Note: these blogs appeared for the first time as columns in the Newcastle Advertiser (Caxton)
I was walking by the river one day and witnessed a truly sad scene, fish were floating everywhere and the water was bright green. A smell like hell filled the air, everywhere was death and for a moment I thought to myself, this must be a nightmare…
Sadly this isn’t a bad dream and is in fact the fate of many rivers in South Africa. The state of our rivers has been the focus of many articles and social media campaigns but the pollution persists and rivers that originate as clean streams in mountainous areas become cesspools when they enter most towns.
So why does this matter? The answer is that our environment provides us with many free services that we take for granted. From the air we breathe to the plants that rely on insect pollinators (to eventually provide us with food), and of course our water supply that originates in mountain streams before being piped to us after being further purified. If we do not take responsibility for our destructive actions, we will perish as a species too. It is everyone’s duty to keep our environment clean because besides being the right thing to do, it is also in our best interests as a species.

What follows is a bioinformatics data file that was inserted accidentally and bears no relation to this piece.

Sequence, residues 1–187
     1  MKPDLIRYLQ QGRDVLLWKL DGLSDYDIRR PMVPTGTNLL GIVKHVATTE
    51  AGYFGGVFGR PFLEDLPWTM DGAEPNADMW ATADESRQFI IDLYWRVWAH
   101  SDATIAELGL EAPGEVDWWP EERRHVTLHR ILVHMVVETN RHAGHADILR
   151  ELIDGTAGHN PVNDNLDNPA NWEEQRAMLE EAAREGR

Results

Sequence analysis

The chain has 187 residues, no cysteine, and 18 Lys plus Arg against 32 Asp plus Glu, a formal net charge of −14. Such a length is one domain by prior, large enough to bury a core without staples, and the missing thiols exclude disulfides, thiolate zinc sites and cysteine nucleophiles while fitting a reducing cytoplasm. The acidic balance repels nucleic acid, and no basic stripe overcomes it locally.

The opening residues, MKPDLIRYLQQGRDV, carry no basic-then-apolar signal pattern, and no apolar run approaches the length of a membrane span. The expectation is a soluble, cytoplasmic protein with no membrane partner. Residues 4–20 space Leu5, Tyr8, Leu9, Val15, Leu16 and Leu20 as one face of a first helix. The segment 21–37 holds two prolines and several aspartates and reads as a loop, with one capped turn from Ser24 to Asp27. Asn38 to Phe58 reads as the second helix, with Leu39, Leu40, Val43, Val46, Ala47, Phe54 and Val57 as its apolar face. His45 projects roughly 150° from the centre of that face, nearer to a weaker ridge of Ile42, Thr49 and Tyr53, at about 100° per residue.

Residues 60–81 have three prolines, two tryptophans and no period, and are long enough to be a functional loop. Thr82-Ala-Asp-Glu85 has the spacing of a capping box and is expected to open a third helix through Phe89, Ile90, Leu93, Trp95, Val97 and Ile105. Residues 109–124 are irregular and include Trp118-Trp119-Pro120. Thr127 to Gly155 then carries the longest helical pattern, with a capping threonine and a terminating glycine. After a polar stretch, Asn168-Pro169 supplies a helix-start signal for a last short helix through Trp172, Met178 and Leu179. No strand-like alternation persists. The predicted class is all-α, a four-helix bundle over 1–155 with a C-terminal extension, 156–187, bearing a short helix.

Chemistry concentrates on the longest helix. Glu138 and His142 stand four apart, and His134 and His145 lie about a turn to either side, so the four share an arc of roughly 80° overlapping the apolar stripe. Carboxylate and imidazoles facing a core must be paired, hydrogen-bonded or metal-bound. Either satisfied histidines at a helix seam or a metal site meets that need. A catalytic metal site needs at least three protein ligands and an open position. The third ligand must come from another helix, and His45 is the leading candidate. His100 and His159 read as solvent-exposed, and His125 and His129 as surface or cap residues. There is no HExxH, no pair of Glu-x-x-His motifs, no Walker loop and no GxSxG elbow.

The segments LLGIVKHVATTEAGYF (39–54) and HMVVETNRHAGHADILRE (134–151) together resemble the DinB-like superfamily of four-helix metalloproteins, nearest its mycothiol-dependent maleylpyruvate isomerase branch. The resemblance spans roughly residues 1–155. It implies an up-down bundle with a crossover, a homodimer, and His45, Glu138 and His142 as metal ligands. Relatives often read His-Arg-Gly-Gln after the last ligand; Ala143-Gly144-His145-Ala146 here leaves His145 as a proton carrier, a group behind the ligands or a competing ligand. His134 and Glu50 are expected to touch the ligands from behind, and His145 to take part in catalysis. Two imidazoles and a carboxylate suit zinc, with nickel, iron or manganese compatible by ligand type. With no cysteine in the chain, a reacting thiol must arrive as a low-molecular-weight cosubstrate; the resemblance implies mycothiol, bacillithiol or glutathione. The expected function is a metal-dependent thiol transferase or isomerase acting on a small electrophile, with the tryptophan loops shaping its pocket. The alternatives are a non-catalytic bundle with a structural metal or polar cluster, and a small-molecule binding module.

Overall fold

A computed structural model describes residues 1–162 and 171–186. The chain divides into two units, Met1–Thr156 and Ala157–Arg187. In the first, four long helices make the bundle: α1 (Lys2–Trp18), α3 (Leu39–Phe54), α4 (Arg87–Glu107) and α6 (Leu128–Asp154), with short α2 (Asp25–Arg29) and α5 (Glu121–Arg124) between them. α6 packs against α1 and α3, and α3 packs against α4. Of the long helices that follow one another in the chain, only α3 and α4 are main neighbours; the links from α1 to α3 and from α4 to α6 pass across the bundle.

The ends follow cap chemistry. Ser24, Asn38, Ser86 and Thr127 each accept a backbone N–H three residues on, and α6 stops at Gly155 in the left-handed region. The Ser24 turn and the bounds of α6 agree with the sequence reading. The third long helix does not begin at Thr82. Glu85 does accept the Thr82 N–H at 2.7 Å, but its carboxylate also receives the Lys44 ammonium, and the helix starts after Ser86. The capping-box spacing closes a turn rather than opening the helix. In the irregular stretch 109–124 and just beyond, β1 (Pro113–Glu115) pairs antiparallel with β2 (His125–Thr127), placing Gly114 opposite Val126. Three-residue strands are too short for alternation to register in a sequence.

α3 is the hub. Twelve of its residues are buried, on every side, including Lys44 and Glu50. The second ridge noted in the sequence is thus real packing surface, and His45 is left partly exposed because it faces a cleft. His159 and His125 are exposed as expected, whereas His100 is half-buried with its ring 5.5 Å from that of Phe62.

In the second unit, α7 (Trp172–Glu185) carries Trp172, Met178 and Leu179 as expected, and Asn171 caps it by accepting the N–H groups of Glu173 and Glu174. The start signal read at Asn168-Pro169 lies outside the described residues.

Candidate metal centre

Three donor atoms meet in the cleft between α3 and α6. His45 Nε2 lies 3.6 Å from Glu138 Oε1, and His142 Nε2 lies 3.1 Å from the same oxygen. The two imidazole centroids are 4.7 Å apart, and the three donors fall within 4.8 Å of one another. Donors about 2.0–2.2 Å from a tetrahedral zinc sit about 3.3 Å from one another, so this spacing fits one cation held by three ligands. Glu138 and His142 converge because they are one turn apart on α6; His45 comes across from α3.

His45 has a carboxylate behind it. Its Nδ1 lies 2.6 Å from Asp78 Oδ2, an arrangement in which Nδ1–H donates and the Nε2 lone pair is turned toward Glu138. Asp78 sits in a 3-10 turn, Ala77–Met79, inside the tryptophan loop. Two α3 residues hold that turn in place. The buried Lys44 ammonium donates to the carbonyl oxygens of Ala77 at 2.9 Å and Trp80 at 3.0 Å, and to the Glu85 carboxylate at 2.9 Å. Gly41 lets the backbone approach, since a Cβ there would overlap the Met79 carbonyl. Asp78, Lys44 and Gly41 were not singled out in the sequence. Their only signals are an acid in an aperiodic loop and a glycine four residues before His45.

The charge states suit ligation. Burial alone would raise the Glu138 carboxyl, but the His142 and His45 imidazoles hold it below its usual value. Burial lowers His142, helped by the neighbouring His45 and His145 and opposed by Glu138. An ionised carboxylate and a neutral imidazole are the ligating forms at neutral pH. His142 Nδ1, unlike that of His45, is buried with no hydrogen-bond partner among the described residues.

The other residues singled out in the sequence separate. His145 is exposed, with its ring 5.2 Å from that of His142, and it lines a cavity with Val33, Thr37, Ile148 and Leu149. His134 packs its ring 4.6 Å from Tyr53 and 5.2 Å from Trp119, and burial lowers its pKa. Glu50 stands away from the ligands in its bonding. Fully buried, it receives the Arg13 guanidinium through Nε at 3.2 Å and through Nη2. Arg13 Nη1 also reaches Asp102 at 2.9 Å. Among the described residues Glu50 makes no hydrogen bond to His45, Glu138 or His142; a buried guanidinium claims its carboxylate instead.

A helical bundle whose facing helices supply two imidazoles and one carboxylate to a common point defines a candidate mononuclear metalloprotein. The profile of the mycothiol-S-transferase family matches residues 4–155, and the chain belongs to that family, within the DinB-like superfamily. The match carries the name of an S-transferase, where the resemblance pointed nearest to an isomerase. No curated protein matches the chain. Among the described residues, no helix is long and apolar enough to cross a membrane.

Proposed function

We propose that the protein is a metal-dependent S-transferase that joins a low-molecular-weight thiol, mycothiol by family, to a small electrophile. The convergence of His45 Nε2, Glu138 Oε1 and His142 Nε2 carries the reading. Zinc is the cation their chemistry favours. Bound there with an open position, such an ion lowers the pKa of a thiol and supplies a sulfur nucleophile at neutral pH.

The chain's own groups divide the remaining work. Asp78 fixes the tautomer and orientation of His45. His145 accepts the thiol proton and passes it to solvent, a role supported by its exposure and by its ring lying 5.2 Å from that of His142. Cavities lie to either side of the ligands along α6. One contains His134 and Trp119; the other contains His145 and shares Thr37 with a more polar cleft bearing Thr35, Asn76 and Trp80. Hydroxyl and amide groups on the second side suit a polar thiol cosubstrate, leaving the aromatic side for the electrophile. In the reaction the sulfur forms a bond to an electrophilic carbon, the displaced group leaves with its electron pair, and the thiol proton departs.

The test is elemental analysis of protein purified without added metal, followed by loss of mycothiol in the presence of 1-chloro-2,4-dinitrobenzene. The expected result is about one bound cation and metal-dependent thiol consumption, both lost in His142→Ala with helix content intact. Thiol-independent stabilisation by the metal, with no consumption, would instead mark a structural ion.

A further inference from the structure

The famous Chief Seattle put it eloquently: “Humankind has not woven the web of life. We are but one thread within it. Whatever we do to the web, we do to ourselves. All things are bound together. All things connect.”
What actions can you take? Here are a few simple ideas to implement or inform others about…
- Don’t litter – anywhere! (it eventually washes into storm water drains and ends up in the river further polluting it)
- Dispose of industrial oils and other waste via a proper landfill site and do not pour this form of waste into drains (which is also illegal to do)
- Spread awareness to friends, colleagues and authorities about illegal dumping and try to capture evidence of when it happens
- Report sewerage leaks whenever you see them – there is currently no guarantee that Municipalities will attend to your report but at least an official record is kept of the problem and hopefully it is addressed with enough people reporting the same problem
- Consider establishing an environmental action group to address the issues locally in your neighbourhood – strength in numbers does make a difference.
*Angus Burns is a professional conservationist and works for WWF South Africa. These blogs are done in his personal capacity*